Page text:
Can workers use their company’s email system off the clock for non-work purposes? Yes, under certain circumstances according to the NLRB.
The National Labor Relations Board (NLRB) decided that employees are able to use their employers’ email systems to communicate with co-workers about specific types of workplace issues while “off the clock”.
The NLRB decision applies only to employees who have already been granted access to the employer’s email system as part of their normal work duties, and it does not require employers to provide new access to an email system.
The Case for Employee Emails “Off the Clock”
Purple Communications’ employee handbook stated that employees are strictly prohibited from using company email to participate in activities for non-business purposes, and that didn’t sit well with the Communications Workers of America (CWA). The CWA filed an unfair labor practice charge with the NLRB during a union-organizing campaign challenging the policy.
The NLRB ruled in favor of the CWA, saying the employee handbook infringed on the NLRA’s allowance for protected concerted activity by workers.
The rule takes effect in April 2015, but will be applied retroactively. Employers with a policy prohibiting the use of company email system for non-business matters should revise their handbooks to comply with this ruling.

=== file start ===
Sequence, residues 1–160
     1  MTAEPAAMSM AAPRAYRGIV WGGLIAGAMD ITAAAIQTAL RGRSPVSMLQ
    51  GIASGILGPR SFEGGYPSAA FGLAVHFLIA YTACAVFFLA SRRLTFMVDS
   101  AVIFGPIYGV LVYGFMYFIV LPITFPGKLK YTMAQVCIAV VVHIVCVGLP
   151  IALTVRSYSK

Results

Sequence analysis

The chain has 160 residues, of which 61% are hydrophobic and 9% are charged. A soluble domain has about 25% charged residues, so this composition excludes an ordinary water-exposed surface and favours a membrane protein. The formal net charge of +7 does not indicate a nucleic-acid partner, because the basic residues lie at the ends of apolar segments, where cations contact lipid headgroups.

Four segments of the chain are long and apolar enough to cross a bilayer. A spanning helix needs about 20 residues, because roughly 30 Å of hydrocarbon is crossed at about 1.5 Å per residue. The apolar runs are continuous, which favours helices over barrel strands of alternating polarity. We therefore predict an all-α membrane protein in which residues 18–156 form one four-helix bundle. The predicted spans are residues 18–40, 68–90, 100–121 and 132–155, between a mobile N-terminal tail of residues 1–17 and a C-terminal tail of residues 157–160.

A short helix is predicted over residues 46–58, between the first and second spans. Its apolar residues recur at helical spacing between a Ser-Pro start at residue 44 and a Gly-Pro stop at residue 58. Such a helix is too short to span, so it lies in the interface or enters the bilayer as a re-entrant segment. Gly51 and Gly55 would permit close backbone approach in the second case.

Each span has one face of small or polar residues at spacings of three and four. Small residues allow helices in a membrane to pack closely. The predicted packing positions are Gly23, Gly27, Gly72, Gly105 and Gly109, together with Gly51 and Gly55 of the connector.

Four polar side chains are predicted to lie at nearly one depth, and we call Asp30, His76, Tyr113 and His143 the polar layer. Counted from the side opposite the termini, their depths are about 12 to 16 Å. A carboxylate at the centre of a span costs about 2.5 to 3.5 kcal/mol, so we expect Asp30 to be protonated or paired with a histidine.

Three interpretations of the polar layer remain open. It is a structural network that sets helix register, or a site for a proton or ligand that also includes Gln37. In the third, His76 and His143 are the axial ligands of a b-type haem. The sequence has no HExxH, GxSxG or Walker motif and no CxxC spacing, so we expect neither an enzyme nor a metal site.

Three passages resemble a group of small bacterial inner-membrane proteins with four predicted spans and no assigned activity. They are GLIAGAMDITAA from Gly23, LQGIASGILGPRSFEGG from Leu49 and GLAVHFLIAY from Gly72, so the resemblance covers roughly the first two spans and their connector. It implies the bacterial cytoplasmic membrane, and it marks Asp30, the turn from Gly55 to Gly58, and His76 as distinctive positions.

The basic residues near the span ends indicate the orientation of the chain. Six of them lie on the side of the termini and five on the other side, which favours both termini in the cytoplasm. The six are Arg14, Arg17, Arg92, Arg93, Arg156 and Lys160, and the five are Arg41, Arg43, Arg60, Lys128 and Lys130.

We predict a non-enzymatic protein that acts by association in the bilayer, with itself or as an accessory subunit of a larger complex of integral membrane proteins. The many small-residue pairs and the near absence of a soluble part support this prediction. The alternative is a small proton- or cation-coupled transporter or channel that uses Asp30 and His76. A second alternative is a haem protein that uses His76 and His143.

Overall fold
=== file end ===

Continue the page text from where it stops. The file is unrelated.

Protected Employee Email Content
The NLRB enforces the National Labor Relations Act (NLRA). Section 7 of the NLRA guarantees employees “…the right to self-organization, to form, join, or assist labor organizations, to bargain collectively through representatives of their own choosing, and to engage in other concerted activities for the purpose of collective bargaining or other mutual aid or protection.”
Under Section 7, emails between workers communicating self-organization and other workplace and employment conditions are considered protected concerted activity even when employees are “off duty” and using the company email system. (The NLRB recognizes work breaks and meal times as ‘off the clock’ time.)
One exception to the NLRB decision – the “nuclear option” – permits employers to enforce a total ban on all emails during nonworking time to protect its email system from damage or from overloads due to excessive use, whether the communication is related to Section 7 activities or not. Additionally employers can monitor for misuse and negative effects on productivity; however the NLRB decision noted that employees who are off-duty are not expected to be productive during nonworking hours.
The nuclear option presents several risks, including damage to morale and workplace culture, but it also requires strict monitoring and a zero-tolerance implementation so as not to appear to target Section 7 emails.
The NLRB decision comes during a trend toward increased email usage in the workplace across job functions and an increase in the number of remote workers. The Board states that “email’s effectiveness as a mechanism for quickly sharing information and views increases its importance to employee communication.”
Protected Concerted Activity
Protected Concerted Activity is defined as “a legal term used in labor policy to define employee protection against employer retaliation. It is a legal principle under the subject of the freedom of association.” For example, when two or more employees talk to their employer about wages, benefits, working conditions or other conditions of their employment they are engaged in protected concerted activity. An individual employee may also engage in protected concerted activity if (s)he is speaking up for a group of employees.